The basic income pilot, run in Hamilton, Brantford, Thunder Bay and Lindsay, was to provide 4,000 Ontario residents with $17,000 dollars a year for three years.
The program, however, was abruptly cancelled by the provincial government back in August.
Now, one of the pilot’s Hamilton participants, Jessie Golem, has created a photo exhibit documenting the experience of those who say they are facing an uncertain future as a result of the cancellation.
Golem says participants were hoping to make positive changes in their lives.
“People were using basic income to get out of poverty, they were using it to get better jobs, go back to school, find safer housing, eat healthier,” Gollem said. “Afford dignity, I guess.”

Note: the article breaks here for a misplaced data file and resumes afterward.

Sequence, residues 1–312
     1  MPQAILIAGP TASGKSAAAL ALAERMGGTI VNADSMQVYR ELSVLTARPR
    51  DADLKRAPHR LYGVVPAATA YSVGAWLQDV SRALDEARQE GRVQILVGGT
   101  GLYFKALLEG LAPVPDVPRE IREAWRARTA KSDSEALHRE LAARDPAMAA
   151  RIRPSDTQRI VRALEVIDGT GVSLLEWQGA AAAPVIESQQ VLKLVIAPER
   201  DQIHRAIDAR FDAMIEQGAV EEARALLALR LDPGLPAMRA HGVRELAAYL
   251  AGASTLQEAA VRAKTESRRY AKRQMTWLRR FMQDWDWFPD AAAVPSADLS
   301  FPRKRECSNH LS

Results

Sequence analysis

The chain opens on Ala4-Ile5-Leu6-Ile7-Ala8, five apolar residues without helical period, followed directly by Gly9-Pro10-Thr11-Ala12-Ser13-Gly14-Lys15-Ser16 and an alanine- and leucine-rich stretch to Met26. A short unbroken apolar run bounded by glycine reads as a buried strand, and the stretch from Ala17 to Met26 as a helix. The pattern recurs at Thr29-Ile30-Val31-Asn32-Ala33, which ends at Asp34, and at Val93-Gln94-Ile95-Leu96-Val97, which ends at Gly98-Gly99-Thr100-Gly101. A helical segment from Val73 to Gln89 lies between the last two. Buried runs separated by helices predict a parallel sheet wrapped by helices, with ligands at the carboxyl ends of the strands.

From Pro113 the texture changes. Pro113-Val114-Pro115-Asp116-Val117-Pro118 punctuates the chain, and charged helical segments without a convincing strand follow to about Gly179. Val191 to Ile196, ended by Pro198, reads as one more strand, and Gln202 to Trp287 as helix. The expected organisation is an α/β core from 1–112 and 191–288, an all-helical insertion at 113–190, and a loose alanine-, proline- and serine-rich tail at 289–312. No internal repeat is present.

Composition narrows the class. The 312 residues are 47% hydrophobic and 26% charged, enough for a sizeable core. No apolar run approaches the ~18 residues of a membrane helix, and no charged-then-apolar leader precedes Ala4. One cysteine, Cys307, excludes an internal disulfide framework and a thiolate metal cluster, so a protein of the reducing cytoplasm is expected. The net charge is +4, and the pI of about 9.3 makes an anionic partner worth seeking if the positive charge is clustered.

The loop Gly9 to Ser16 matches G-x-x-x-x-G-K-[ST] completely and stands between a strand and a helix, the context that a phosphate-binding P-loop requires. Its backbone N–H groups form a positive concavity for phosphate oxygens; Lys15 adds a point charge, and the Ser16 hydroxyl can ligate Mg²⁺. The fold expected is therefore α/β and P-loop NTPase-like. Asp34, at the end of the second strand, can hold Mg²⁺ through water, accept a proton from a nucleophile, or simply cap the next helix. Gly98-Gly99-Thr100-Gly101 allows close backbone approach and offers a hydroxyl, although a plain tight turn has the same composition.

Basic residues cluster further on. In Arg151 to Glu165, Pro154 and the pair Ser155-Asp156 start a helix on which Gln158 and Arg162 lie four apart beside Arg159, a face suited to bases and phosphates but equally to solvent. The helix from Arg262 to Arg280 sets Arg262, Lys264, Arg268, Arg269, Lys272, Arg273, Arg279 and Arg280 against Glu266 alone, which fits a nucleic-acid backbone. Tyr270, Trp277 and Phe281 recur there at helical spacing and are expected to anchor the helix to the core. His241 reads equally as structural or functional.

WATCH: Lindsay reels after learning the basic income pilot project is cancelled early
So when the program was cancelled, Golem met with other participants and photographed them holding a sign, detailing, in their own words, what difference the pilot was making to them.
“There’s something very visceral about seeing the sign and they wrote it out themselves,” Golem said. “This is their story and that’s what I wanted to do: I wanted to amplify their voices and tell their stories in their own words.”
After Golem started to take part in the basic income project, her friend, Gloria Proctor Bennett, said she could see a difference in her.
“She just looked so much healthier, her face was fuller, she was glowing, she looked so much better than she had before, and it was all because she had enough money to be able to afford to eat properly, and to get her life in order,” Bennett said.
Golem says the exhibition of photographs, Humans of Basic Income, will be travelling across the country to illustrate how important a basic income is to all Canadians.
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